I’m sitting in the Squamish Public Library watching storm clouds wisp around the Stawamus Chief. My wife and I wound our way through shrouds of mountain fog and negotiated the spray of wet and busy highways to get here today, and it is still raining. While I’d rather be sinking my fingers into Squamish’s renowned cracks for the first time, the gloomy weather demands that we stay indoors, hibernating until the sun appears and dries things up.

I’m not sure what it is about gray skies that compel me to pause and take stock of where I’ve been. I know I bore easily, and reflection is a convenient way to continue “doing something” when what I really want to be doing – rock climbing, obviously – isn’t going to happen. Let’s start with the numbers:

Days since we left Boulder: 11

Miles driven: 1843

Podcasts listened to: at least 10

Pitches climbed: 32

Days exclusively dedicated to climbing: 4

Days of rain: 5

Numbers of stuck stoppers: 2

Bags of chips and/or pretzels eaten: 5

Domestic arguments over utterly benign issues: at least 11 (once a day is a good estimate)

Domestic arguments resolved: at least 11

Friends and family visited: 10

A storm blowing over Grand Teton National Park

I don’t normally reflect with numbers, but they’re the only coherent way for me to describe the last 11 days. To be frank, our time has felt pretty incoherent, being fraught with distraction that has led to exhaustion, so maybe the rainy weather is not such a bad thing. We spent a few days in Lander, WY at the International Climbers Festival, then got rained off a route in Death Canyon in the Tetons. Then we drove to Index, Washington to get deeply humbled by humidity, heat, and the toughest sandbags I’ve ever climbed. Then we spent three days visiting friends and family in Seattle and spent a rainy night in the North Cascades National Park.

Our travels thus far have been infused with concerns beyond the climbing world. Podcasts about the state of the economy or the psychology of sports provoke longer highway conversations. News of the tragedy from near our home in Colorado has pulled our thoughts away from our present surroundings. Possibly the most unsettling part of our recent travels has been the time we spent with my brother-in-law and his family. Ryan, my brother-in-law, is a Baptist pastor who recently adopted an albino orphan from China and is currently housing a mother and her daughter with a troubled past. This is on top of caring for his three other children and managing to be a central figure in his local community. Ryan and I have vastly differing worldviews, yet I deeply admire the simple dedication and remarkable willingness he has to helping people who need it. Our time together was occupied with discussions of faith, altruism, and the nature of human relationships. Ultimately, we have an “agree to disagree” operating pattern, but I couldn’t help to reflect on level of indulgence present in my current climbing myopia.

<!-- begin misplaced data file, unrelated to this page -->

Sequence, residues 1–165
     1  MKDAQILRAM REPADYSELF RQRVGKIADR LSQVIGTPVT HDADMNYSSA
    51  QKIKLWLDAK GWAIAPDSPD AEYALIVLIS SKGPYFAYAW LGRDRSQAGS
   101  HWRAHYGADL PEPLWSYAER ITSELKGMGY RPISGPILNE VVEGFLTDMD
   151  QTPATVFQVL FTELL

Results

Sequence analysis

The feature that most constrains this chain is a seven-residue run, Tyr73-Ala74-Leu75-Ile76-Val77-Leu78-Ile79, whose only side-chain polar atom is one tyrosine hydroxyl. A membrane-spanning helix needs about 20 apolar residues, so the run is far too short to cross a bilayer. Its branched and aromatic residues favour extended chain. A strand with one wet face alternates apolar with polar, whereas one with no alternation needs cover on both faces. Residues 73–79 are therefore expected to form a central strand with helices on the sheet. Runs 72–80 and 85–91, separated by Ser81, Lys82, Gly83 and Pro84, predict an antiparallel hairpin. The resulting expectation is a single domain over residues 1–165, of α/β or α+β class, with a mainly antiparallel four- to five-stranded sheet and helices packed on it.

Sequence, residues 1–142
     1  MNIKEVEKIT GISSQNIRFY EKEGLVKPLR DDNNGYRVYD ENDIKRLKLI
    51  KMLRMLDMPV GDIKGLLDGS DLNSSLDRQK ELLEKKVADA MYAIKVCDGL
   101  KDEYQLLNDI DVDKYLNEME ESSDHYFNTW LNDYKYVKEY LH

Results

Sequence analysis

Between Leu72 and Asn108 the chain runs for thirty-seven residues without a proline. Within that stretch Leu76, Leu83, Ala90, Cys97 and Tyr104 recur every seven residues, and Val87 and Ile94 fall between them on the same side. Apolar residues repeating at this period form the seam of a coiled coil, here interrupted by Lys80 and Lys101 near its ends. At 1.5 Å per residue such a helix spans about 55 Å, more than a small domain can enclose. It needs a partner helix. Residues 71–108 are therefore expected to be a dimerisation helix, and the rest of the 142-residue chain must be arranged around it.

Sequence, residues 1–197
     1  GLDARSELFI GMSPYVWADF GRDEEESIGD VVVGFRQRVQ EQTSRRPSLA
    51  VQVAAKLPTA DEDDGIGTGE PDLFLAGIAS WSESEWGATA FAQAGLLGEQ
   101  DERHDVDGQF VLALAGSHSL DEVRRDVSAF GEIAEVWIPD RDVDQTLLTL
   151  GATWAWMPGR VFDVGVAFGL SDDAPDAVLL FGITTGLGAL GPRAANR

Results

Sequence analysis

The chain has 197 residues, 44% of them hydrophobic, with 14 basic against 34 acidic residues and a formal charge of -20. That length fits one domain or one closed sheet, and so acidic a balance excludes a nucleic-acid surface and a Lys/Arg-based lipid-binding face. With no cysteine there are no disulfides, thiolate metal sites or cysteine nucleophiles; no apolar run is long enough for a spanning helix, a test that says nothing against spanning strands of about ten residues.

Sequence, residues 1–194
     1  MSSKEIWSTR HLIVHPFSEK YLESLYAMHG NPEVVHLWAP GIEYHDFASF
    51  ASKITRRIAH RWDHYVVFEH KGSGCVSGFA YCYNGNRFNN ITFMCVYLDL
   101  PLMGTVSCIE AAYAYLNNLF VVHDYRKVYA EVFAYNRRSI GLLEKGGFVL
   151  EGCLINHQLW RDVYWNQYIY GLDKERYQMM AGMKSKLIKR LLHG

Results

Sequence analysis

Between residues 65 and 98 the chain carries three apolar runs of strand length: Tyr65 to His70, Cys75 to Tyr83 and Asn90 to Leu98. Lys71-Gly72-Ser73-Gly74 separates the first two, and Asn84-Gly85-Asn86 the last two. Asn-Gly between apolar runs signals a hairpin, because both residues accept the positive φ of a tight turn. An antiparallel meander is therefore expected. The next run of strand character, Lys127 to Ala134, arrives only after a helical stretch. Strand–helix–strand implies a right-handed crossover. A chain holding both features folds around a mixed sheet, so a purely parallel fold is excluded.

All of these concerns – social issues, public tragedies, and the negotiations of family relationships – are all “real stuff,” not the fluff of the climbing obsession. This stuff matters, both societally and personally, yet it’s hard not to see it as a distraction from what is ostensibly a “climbing trip.” I suppose it’s normal to try to organize one’s life, to distill it, to simplify. It’s equally normal to feel discomfort when events and ideas that are incongruous disrupt our organized life and force us to think and act differently.

Trying to stay focused in Death Canyon, Grand Teton National Park.

Just as when we travel to a new cliff with an expectation of what how hard 5.11 is and are brutally awakened to a different reality (go to Index, and you will almost certainly have this experience), the unforeseen, incongruous, and new will often challenge us to question the choices and pursuits that have gotten us to where we are. There’s a lot of comfort for me in the myopia of the climbing life, and intrusions undoubtedly disrupt that comfort. There’s an incoherence of experience when my current focus is heavily indulgent and self-oriented (like a climbing trip) and the greater concerns of the “real world” work their way through the cracks. I find myself looking for a way to justify the indulgence, which is risky business at best. Right now, the best I can do is remember that just because two experiences occur at the same time doesn’t necessarily mean they are part of the same continuum. In other words, if I go climbing, it doesn’t mean I’m complicit in what is wrong with the world. Likewise, if I don’t go climbing, injustice and wrong (“evil,” in my brother-in-law’s words) will still exist.

This is by no means a satisfactory defense of the climbing myopia. If nothing else, these existential questions reverberate in the hollow spaces that are a reality in the climbing life. Deep down, I think we all know that climbing isn’t enough on it’s own, but the myopia is hard to let go.